W3C home > Mailing lists > Public > public-esw-thes@w3.org > December 2007

Re: [SKOS]: [ISSUE 44] BroaderNarrowerSemantics

From: Joseph Tennis <jtennis@u.washington.edu>
Date: Thu, 13 Dec 2007 23:06:11 -0800
To: "public-swd-wg@w3.org" <public-swd-wg@w3.org>
CC: "public-esw-thes@w3.org" <public-esw-thes@w3.org>
Message-ID: <C3876B63.653E%jtennis@u.washington.edu>
Sorry to swoop in here, but I did want to point something out that might help.  I suppose yours is a problem if we assume LCSH expresses thesaural relationships by listing a BT, i.e., it that it is a thesaurus.  However, LCSH is not a thesaurus, it’s a different creature altogether – it’s a ‘subject heading list,’ and does not adhere to the model of a thesaurus, and as a consequence BT does not mean the same thing to LCSH as it would to vocabularies built to comport to Z39.19.  I believe the problem is with how we model the diversity (rather than the uniformity) of these vocabularies and their uses.

joe

--
Joseph T. Tennis
Assistant Professor
The Information School of the University of Washington
http://faculty.washington.edu/jtennis





On 12/13/07 2:24 PM, "Simon Spero" <sesuncedu@gmail.com> wrote:

On Dec 13, 2007, at 10:49 AM, Reul, Q. H. wrote:

For these vocabulary to be fully across multiple applications (as intended), I believe that semantic relations can't be either "transitive" or "non-transitive". Otherwise, the working group should give proper guidelines on how to deal with such occurrences.

My reading of Z39.19-2005  §8.3 is that  hierarchical relationships in thesauri should always be transitive; §8.4 makes it clear that associative relationships need not be (see e.g. §8.4.1.3).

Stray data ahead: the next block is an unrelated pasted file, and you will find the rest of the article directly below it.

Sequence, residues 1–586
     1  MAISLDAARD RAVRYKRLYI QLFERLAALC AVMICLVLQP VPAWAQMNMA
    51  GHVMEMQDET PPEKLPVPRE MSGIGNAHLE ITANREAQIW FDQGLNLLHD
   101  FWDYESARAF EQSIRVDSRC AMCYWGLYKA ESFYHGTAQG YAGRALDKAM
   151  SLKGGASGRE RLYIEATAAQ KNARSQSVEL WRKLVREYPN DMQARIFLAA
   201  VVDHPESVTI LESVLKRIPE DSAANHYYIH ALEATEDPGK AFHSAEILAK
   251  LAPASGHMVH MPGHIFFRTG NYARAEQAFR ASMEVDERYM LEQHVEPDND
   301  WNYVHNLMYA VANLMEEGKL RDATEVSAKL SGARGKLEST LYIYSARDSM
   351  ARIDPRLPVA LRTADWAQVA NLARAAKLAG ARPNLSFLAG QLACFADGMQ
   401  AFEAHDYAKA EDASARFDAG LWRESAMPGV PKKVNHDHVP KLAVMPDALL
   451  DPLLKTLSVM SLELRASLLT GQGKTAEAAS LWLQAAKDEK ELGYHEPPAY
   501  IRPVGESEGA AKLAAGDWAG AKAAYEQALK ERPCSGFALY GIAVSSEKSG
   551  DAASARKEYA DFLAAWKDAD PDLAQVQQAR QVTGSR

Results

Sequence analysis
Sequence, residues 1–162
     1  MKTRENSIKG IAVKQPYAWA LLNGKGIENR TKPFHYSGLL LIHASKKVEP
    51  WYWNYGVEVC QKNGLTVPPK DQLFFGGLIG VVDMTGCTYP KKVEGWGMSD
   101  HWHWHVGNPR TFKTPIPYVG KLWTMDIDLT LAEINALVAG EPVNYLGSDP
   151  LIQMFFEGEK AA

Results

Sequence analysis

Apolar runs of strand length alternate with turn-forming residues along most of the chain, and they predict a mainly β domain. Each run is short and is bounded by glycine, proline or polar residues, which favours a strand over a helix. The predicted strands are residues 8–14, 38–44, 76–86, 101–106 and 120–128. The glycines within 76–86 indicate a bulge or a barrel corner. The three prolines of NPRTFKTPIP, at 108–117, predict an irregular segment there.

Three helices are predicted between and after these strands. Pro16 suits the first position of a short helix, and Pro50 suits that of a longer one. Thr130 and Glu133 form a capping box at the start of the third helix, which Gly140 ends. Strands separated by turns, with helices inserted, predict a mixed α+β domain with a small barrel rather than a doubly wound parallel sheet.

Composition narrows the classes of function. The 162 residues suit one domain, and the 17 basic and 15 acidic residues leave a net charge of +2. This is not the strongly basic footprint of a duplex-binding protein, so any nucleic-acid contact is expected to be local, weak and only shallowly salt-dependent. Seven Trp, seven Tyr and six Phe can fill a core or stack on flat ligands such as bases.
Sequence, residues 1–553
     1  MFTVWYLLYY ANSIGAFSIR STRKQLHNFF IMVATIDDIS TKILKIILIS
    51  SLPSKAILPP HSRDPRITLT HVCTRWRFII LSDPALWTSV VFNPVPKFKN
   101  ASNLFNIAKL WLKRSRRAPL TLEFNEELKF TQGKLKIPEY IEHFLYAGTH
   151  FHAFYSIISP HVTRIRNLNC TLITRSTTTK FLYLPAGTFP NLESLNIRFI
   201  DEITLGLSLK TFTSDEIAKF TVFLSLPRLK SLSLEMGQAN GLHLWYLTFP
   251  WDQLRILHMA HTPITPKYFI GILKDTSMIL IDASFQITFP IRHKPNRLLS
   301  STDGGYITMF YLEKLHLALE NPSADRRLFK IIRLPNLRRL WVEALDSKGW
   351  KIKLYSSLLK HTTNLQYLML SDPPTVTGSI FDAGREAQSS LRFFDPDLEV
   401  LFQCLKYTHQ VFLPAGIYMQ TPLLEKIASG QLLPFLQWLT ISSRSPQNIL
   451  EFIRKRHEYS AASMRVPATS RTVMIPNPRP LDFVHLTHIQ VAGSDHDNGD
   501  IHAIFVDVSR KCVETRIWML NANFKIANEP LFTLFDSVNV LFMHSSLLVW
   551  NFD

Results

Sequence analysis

I've been looking at this issue rather closely lately in the context of the Library of Congress Subject Headings.   If BT  relationships in the LCSH are treated as if they were, um, Broader Terms,  the inferences one obtained are rather idiosyncratic.   If SKOS is altered to make  broader less-transitive, it would certainly make converting the LCSH to SKOS easier.  Unfortunately, it would also make the resulting vocabulary much less useful.    It's not SKOS's fault; it's the data.

 Incidentally, the problem is less to do with Cows as Mammals, and more to do with Doorbells as Mammals...

Mammals → Primates → Hominids → Human beings → Ethnology → Acculturation → Diffusion of innovations → Technology transfer → New products →
Design, Industrial → Engineering design → Structural design → Building → Building fittings → Door fittings → Doorbells



Received on Friday, 14 December 2007 07:06:51 GMT

This archive was generated by hypermail 2.2.0+W3C-0.50 : Monday, 7 December 2009 10:38:59 GMT